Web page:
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The advantages and disadvantages of mixing methods: an analysis of combining traditional and autoethnographic approaches.

by Patrick O'Byrne
Qualitative health research ()

Abstract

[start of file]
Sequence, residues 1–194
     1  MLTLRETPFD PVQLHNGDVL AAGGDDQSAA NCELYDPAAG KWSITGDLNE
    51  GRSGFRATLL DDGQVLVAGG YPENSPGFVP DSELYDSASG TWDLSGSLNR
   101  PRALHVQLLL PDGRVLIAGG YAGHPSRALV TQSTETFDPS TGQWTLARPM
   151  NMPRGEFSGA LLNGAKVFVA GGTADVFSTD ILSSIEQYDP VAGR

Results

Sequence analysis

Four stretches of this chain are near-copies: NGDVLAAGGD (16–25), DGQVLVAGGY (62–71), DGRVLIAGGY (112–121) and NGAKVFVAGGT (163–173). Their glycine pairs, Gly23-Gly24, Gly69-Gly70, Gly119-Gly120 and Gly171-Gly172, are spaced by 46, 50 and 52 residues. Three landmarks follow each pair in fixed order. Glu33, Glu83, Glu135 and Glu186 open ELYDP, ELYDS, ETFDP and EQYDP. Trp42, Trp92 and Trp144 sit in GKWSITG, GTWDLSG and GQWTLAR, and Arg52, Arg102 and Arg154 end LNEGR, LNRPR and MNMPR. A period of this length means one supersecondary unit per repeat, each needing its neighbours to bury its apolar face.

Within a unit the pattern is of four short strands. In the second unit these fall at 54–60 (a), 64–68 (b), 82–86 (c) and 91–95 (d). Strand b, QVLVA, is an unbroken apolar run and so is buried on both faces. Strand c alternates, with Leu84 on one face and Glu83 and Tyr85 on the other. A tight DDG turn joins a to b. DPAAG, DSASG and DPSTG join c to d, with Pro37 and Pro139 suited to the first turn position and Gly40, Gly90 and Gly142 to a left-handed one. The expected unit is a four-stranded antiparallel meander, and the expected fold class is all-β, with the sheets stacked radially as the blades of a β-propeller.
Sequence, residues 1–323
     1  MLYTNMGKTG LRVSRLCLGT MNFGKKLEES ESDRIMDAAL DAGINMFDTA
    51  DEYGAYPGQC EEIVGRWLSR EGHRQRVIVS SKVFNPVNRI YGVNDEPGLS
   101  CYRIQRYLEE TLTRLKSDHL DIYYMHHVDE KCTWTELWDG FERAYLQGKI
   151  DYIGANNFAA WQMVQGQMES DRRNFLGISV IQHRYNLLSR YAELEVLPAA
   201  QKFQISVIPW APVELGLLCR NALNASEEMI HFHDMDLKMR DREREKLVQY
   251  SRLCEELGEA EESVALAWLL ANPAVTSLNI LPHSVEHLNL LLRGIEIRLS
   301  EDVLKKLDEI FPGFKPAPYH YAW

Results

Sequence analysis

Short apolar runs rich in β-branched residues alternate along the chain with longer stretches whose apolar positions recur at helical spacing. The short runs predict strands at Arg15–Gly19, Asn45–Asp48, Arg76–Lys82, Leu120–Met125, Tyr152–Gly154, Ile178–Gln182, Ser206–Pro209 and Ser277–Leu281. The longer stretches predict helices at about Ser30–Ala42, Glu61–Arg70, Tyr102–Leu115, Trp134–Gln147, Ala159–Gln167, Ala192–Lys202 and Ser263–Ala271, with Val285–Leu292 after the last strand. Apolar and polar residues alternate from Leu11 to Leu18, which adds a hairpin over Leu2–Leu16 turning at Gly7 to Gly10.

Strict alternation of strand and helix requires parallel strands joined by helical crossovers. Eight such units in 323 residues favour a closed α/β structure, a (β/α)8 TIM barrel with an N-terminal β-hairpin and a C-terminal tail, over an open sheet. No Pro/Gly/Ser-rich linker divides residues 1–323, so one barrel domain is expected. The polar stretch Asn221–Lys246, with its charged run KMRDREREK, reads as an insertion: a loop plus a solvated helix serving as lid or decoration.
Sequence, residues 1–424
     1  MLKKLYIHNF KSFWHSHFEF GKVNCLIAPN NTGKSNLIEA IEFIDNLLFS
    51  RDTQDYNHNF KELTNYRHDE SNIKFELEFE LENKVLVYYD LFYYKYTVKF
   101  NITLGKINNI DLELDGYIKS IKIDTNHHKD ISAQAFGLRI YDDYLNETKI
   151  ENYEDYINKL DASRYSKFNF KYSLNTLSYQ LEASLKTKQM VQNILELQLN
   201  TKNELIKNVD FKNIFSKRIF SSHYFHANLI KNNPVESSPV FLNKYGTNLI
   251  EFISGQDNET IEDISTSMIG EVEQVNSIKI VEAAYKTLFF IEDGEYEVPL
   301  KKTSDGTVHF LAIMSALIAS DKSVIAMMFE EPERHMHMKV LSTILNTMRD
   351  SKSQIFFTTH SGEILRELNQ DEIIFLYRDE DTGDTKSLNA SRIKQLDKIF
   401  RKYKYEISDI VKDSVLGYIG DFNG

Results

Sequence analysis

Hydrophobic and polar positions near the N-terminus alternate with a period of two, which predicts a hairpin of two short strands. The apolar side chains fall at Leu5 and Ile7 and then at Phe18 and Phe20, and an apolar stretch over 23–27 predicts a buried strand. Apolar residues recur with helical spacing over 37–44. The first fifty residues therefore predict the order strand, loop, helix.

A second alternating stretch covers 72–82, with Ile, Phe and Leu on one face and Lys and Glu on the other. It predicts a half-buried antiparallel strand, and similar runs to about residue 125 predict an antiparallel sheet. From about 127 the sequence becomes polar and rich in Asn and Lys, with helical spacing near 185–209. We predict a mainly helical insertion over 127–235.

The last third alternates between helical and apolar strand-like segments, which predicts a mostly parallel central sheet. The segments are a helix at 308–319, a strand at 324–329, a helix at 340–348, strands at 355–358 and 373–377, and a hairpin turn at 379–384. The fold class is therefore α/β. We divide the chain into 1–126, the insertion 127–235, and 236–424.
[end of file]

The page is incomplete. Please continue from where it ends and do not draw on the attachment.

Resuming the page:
Although mixed- and multiple-method research designs are currently gaining momentum and popularity, it is essential that researchers undertake a critical analysis of the process of mixing "mainstream" research designs with newer methods before commencing. In ethnography, not only are there multiple approaches to data collection, but each approach also spans the competing paradigms, thus making the term mainstream ambiguous because these mainstream techniques are reasonably different from one another. When critically appraising the combination of ethnography and autoethnography, researchers must evaluate paradigmatic philosophies and methods of inquiry for commensurability and delineate the advantages and disadvantages of combining methods as they relate to each paradigm. The author's goal in this article is to demarcate the methodologies of both ethnography and autoethnography and then to identify the (dis)advantages that might arise from undertaking multiple-method and/or mixed-method research that uses these approaches concurrently.

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